For better and worse, we published out the full list of ESPN’s top 74 greatest NBA players of all-time a few days ago. In that same post, we provided the sports network’s rankings from their 2016 list to see which new players made an appearance on the list (Kawhi Leonard, Giannis Antetokounmpo, Anthony Davis, Damian Lillard), which player jumped the most spots (James Harden and Allen Iverson) and which player dropped the most (Clyde Drexler).
There were several problems with that list and we detailed out a few examples of the clear biases and major issues we found on the list. If you’re interested, you can read us complain here.
One of the bigger issues is that the list is “incomplete” in that it only ranked 74 players; leaving us wondering how the remaining 26 spots would have sussed out had they completed it. The good news? We did our best to populate those missing positions. Jump to see our #75-100 rankings, otherwise, here’s the list as ESPN ranked the greatest NBA players of all-time.
Kobe Bryant jumped three spots from off into the top ten. In 2016, ESPN pissed off Kobe Stans when he appeared at #12. This year, he’s at #9 right before Lakers teammate Shaquille O’Neal, and putting Kobe over Oscar Robertson and Hakeem Olajuwon.
No NBA betting guides would have predicted that Scottie Pippen would move up four spots from #25 to #21, leaping over former Houston Rockets teammate Charles Barkley, who fell five spots from #18 to #23. We have no problem with the biggest improvement going to James Harden. The bearded one jump up an amazing 65 spots from #97 to #32. In the span of those four years, Harden has elevated his status; winning an MVP, leading the NBA in scoring three times and assists once.
One of the many problems with this year’s list is that they only ranked 74 players whereas the 2016 list placed 100 players. It’s cute that ESPN wanted to create a list based on the league’s 74th year, but without those remaining 26 spots, we wondered where a player like Carmelo Anthony would have ultimately landed.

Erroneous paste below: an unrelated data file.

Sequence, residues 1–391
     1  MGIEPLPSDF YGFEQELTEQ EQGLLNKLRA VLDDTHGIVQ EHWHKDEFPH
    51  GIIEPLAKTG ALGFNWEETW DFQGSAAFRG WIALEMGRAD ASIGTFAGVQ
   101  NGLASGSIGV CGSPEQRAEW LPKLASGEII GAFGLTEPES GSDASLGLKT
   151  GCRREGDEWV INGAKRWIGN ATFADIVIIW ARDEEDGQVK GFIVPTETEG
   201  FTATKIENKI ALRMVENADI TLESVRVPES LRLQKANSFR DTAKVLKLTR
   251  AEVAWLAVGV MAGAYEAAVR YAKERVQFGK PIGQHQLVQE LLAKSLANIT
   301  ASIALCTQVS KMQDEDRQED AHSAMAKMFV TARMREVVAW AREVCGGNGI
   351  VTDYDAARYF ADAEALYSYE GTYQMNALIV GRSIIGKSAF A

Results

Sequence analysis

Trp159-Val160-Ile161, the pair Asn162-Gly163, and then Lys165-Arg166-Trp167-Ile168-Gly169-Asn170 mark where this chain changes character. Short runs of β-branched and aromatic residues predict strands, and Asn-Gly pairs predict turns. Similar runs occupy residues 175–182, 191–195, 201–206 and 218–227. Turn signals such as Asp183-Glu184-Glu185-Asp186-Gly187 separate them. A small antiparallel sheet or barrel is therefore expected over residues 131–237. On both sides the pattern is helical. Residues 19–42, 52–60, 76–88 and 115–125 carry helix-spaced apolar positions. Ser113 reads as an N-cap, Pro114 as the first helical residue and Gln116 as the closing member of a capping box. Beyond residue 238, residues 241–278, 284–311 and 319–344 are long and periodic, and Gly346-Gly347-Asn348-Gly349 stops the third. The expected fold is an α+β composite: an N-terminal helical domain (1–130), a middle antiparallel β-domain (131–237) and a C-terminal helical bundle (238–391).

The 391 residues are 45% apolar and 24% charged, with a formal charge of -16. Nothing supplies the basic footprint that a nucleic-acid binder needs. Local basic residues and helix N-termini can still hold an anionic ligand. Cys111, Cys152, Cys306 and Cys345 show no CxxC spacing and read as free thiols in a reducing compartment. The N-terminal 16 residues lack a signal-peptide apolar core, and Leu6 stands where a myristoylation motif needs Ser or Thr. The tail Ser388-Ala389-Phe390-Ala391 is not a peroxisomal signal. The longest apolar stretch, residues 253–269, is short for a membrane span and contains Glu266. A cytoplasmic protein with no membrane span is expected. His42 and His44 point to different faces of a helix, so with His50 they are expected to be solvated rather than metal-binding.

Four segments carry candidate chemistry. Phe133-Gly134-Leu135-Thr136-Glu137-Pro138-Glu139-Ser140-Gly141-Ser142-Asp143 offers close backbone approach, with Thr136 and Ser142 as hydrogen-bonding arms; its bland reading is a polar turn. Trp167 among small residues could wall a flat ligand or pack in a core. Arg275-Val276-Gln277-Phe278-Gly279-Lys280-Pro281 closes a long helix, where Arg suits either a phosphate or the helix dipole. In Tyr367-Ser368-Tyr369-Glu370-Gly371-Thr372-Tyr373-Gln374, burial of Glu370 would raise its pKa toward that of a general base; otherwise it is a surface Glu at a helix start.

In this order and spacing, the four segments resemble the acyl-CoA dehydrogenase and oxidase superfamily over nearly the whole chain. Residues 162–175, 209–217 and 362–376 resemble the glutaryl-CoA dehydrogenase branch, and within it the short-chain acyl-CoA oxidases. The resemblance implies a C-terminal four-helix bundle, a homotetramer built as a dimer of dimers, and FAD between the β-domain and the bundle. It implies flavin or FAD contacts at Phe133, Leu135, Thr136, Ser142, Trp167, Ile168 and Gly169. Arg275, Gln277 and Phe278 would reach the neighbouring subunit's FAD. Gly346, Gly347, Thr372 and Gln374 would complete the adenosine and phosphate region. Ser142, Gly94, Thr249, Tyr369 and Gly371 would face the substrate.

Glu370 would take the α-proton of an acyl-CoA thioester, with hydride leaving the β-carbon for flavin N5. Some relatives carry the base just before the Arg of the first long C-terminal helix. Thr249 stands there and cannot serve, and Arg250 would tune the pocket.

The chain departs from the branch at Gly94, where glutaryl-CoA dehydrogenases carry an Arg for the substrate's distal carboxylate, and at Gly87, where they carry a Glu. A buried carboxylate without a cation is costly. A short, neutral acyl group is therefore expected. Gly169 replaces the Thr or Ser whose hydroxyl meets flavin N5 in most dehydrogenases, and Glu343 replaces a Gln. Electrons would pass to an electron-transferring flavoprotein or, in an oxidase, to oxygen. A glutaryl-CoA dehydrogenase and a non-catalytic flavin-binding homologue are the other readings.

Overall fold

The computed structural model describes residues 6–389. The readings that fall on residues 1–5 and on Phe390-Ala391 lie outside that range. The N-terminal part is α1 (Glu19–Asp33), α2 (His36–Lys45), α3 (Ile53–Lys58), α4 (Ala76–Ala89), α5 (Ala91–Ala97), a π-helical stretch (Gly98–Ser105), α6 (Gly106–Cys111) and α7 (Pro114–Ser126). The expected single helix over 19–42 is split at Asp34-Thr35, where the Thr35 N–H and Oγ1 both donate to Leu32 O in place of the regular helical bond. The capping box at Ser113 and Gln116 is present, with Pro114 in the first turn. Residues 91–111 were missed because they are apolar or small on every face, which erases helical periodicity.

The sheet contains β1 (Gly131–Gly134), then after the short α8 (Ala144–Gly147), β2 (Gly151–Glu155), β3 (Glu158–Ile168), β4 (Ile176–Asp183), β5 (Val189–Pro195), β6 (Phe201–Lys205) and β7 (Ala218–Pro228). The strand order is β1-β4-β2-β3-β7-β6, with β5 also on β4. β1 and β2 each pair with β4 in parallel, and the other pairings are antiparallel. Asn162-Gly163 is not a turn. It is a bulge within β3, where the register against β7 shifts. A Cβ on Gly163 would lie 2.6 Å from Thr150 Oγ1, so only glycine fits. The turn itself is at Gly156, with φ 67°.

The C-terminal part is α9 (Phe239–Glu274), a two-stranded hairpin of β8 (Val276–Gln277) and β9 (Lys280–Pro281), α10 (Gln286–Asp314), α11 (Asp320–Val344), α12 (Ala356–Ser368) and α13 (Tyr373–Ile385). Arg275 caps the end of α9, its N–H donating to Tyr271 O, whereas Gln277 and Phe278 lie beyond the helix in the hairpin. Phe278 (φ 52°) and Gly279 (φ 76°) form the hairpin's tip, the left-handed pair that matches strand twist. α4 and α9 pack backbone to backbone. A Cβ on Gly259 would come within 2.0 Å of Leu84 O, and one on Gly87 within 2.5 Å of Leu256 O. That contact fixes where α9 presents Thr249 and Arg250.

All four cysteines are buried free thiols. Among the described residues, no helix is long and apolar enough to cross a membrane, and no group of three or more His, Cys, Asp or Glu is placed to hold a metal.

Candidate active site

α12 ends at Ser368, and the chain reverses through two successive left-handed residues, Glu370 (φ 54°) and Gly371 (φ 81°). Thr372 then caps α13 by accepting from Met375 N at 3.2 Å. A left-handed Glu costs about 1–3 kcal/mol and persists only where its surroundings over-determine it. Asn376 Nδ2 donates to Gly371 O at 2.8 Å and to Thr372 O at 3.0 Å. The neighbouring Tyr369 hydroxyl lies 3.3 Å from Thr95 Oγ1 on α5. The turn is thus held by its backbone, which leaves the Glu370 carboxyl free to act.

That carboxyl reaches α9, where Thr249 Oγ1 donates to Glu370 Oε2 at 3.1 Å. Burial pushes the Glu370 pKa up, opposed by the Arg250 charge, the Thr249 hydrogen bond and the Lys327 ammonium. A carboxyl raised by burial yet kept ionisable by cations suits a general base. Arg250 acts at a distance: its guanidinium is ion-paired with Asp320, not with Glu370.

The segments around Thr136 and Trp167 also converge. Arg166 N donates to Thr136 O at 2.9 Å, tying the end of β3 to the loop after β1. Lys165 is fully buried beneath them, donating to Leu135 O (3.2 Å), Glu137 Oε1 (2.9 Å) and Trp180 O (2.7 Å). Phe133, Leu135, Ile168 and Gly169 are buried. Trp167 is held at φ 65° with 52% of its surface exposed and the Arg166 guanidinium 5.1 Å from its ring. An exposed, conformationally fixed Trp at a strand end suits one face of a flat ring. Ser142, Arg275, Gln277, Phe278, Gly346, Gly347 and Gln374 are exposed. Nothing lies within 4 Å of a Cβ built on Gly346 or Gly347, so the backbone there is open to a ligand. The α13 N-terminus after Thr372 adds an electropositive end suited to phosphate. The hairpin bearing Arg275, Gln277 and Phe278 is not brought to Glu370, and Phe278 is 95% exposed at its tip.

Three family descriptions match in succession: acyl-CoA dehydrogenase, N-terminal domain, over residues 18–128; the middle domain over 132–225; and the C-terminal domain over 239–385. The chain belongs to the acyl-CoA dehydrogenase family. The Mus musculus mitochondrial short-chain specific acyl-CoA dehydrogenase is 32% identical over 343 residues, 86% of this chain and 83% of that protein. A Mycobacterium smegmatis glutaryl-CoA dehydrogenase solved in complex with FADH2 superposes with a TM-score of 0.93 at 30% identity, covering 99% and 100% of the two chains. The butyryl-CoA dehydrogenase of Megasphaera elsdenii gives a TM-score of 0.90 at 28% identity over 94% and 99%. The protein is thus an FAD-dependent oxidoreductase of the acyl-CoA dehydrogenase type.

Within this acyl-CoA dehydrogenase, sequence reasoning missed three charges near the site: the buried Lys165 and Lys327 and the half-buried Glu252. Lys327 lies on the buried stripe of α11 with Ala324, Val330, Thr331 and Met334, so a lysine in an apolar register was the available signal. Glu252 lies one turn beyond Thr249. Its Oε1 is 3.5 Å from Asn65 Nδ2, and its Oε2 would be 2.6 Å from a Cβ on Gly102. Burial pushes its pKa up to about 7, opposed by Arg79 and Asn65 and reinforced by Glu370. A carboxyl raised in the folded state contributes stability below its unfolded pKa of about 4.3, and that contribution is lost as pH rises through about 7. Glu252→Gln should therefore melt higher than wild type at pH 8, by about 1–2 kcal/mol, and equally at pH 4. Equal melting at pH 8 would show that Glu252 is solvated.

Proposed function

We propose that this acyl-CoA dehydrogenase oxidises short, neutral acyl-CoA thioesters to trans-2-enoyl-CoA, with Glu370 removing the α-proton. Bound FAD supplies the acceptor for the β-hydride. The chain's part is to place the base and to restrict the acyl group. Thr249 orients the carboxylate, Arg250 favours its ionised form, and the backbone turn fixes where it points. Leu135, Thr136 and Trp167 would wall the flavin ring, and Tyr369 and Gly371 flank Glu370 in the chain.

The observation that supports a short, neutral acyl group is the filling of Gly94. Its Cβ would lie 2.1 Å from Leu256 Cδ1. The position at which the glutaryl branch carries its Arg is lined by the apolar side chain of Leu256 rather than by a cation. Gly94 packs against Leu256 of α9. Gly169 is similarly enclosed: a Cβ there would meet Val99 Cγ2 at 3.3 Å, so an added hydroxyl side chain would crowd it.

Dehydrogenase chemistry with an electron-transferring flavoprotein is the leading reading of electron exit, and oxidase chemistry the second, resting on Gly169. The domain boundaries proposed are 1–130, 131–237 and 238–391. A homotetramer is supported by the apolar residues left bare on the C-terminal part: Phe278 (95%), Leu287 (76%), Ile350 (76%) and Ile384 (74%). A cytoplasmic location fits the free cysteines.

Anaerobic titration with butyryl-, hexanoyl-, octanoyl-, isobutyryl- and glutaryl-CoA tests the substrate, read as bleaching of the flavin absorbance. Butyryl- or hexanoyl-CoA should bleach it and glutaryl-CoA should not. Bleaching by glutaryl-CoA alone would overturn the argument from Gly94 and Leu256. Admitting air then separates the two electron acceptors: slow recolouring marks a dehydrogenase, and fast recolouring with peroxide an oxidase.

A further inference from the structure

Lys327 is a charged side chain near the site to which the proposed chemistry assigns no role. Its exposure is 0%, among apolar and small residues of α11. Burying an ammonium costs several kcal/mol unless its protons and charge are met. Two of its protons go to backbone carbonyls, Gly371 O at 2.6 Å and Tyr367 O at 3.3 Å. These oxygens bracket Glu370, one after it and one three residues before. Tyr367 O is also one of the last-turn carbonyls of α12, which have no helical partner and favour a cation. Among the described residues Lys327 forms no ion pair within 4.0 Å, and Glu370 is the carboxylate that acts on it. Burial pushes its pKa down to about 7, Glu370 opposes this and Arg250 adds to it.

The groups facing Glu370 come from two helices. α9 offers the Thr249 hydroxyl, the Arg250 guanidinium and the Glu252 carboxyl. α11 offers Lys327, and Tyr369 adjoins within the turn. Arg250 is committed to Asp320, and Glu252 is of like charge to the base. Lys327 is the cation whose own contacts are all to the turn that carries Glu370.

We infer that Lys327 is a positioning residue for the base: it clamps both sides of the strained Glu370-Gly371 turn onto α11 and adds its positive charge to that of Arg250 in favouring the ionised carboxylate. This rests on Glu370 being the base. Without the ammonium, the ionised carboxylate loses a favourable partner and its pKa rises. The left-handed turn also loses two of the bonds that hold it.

So without the real thing, we decided to take on that task and re-rank the missing players from the 2016 list while adding a couple new faces that we think deserve one of these coveted spots in the top 100.
Assuming ESPN got their list correct, which is a big leap in itself, here’s how we saw the remaining list of the 100 greatest NBA players filling out from #75 to #100.
The biggest recognizable snubs from ESPN’s 2016 list are Carmelo Anthony (#59) and Dwight Howard (#67), the two didn’t make the 2020 list and we’re not sure where they fell. But all due respect to Melo and Dwight, we’re going to pay respect to a few older names that should have been way higher up. Those three names names that you probably don’t recognize are Dolph Schayes, Hal Greer, and Paul Arizin.
Schayes played in the 1950’s so it’s somewhat understandable that his career isn’t at the forefront of people’s minds, but for an NBA champion that was a 12x All Star and 12x All-NBA selection that averaged a double-double in points and rebounds for an entire decade, it’s hugely disrespectful for him not to be higher up. All due respect to Carmelo Anthony, but Schayes deserves to be the first name on the snub list.